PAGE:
Setting targets is one thing and meeting them is another. That is the underlying message on which the latest, highly sceptical report by the Committee on Climate Change is built.
The report says bluntly that the UK far off course for meeting the net zero commitment.
Scotland is particularly fond of setting targets, invariably a little more ambitious than those of the UK Government, and equally regularly failing to meet them. The report suggests that much could be gained if the governments would work together to meet shared ambitions.
The report is a weighty document with 300 recommendations for the UK government and devolved administrations. That reflects another reality which is often ignored, particularly by single issue campaigners. Meeting targets does not depend on any one measure. The whole machinery of government has to be in action, with every cog turning in roughly the same direction.
This year’s surge in energy prices has made all of this a lot more urgent. On the surface, it can be used as a cop-out from meeting the emissions challenge. All of that will have to wait, the argument goes, because it is going to add to people’s fuel bills at a time when they are soaring anyway. The Committee on Climate Change gives short shrift to that line of thinking.
Pursuing net zero, it argues, can be the route to lower costs, not higher. One key lies in the insulation of homes and other buildings. Our failure to take that seriously in recent years has been a major failing in energy policy for which a price is now being paid. The cheapest form of energy, after all, is the stuff that isn’t used.
It is remarkable that a decade ago, over two million houses in the UK were being retrofitted with insulation each year while the figure has fallen to barely a tenth of that number. How this, in the eyes of any government, squares with net zero rhetoric is hard to fathom.
Even stranger is the fact that houses are still being built which will in future need to be retrofitted. Yet I can well believe this. For a brief period 20 years ago, I was the UK Minister with responsibility for construction and I well remember its resistance to anything they thought would push up costs.
Every big house-building company had a showpiece development to demonstrate to visiting Ministers and the like their commitment to environmental responsibility and innovation. As for the rest of their stock, they just got on with what they preferred, which was to reduce all that costly stuff to as little as they could get away with. It seems not a lot has changed.
That is an example of how there must be total co-ordination across government to deliver the hugely challenging agenda which net zero targets demand. Yet the Committee on Climate Change lists some of the cross-cutting measures that simply haven’t happened. On the “cross-cutting enablers” it states, “there have been warm words but little progress”.
For example, the Treasury “must urgently review its tax strategy to support the Net Zero transition”. Not much sign of that! There needs to be “comprehensive reform of planning legislation to reflect commitments to net zero”. Few renewables developers who deal with the planning system will recognise that happening. And so on.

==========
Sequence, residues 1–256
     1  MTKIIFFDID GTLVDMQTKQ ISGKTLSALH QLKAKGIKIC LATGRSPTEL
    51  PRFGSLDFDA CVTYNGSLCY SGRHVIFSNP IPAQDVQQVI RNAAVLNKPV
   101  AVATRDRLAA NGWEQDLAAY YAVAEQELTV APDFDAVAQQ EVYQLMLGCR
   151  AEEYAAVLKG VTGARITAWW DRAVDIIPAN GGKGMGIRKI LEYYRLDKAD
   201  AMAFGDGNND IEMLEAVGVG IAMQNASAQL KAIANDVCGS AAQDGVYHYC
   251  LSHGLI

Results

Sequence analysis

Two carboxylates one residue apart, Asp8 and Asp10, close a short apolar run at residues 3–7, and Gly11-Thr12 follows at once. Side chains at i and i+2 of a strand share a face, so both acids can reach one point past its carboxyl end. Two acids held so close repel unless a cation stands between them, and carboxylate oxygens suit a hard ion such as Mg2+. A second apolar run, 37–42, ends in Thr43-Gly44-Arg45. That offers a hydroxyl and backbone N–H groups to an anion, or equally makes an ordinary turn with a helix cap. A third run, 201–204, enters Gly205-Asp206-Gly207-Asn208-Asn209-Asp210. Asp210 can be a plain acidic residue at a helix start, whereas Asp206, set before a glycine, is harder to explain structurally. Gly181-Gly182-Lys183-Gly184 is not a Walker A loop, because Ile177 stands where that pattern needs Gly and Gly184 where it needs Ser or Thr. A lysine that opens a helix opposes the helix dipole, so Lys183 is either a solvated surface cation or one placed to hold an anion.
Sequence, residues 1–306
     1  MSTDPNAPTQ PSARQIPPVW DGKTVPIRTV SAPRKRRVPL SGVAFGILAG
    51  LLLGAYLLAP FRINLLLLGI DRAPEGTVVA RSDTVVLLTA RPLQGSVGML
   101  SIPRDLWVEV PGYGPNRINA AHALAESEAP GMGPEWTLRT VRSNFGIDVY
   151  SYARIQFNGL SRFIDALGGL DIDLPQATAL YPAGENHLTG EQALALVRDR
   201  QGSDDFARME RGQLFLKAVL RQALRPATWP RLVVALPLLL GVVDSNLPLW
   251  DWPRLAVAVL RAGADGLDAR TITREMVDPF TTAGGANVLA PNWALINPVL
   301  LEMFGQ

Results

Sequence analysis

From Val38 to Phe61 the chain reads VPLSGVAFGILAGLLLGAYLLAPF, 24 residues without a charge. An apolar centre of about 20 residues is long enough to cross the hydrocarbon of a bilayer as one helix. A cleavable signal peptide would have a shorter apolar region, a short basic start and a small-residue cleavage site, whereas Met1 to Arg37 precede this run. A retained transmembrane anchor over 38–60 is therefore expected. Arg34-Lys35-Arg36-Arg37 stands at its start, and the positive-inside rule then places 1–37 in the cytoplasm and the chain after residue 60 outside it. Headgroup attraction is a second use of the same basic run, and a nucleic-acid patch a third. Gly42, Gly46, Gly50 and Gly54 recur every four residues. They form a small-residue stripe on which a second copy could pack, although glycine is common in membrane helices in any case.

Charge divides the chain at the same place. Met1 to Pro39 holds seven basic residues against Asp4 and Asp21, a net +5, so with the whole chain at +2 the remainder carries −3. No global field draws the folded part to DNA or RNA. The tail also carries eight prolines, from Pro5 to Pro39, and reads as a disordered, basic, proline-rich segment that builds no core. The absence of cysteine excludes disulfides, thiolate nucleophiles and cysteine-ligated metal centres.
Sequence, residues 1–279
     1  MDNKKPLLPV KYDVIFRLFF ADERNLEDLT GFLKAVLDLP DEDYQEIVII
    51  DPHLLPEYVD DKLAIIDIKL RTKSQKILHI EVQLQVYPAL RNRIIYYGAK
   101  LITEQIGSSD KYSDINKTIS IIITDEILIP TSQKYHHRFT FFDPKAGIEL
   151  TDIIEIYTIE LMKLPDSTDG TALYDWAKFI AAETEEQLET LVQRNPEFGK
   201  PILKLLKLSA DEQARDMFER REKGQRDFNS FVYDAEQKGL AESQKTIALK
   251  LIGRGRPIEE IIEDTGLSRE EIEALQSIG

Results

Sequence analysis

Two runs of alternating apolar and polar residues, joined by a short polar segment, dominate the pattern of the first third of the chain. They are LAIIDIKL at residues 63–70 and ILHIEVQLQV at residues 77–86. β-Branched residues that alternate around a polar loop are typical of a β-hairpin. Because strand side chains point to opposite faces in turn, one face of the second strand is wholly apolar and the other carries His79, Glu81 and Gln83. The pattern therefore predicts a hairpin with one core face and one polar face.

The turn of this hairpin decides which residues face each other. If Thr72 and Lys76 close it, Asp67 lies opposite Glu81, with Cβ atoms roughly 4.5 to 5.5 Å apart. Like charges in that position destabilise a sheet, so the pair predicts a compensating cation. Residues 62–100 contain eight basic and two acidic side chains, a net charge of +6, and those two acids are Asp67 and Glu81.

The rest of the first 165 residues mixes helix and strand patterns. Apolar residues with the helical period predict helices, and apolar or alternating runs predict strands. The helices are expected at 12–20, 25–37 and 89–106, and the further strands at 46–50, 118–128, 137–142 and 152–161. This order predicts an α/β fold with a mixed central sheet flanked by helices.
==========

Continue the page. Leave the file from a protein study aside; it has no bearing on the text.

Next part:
In my eyes, one of the most fundamental criticisms is that “there is no public engagement strategy three years after the Net Zero target was signed into law”. This is true of both Scottish and UK governments. Random measures may be vaguely linked to environmental ambitions but there is no sense of a joined-up crusade to reconfigure our economy or lifestyles.
Last month I joined up with a cross-party group of politicians, past and present, to sign a declaration in Aberdeen which stated that the North Sea should be seen as a key to the Net Zero transition rather than its deadly enemy. I believe that was consistent with the Committee on Climate Change’s call for public engagement and joined-up thinking.
It is very easy to be against developments in the North Sea but, in isolation, that would change absolutely nothing – except in the sense we would become more dependent on imports at a higher environmental cost. The egg must come before the chicken and that means reducing demand, rather than unilateral self-harm which targets only the source.
Another crucial delivery shortfall that the Committee on Climate Change highlights is the skills gap. If the renewables sector, particularly offshore is going to grow in the way we all hope, then skills developed in the offshore oil and gas industry need to be harnessed, not sidelined or dispersed. The commercial opportunities will exist in renewables but if we don’t have the labour force, they will again pass us by.
Similarly in the energy efficiency sector, the report estimates that 60,000 people are required – good jobs doing a socially vital role. But there has to be a strategy for funding and delivering this outcome which involves both public and private sectors.
Energy efficiency should become a crusade but you cannot have a crusade without foot-soldiers to take part in it. So where is that workforce going to come from?
Few of us will read all 300 recommendations but the fundamental point cannot be missed. The targets are great but the delivery is far off the pace. We need government at all levels to be working together to change that – and maybe if the public saw that happening, instead of the constant search for division, the message would get across that we are all in this together.
Brian Wilson is a former UK energy minister.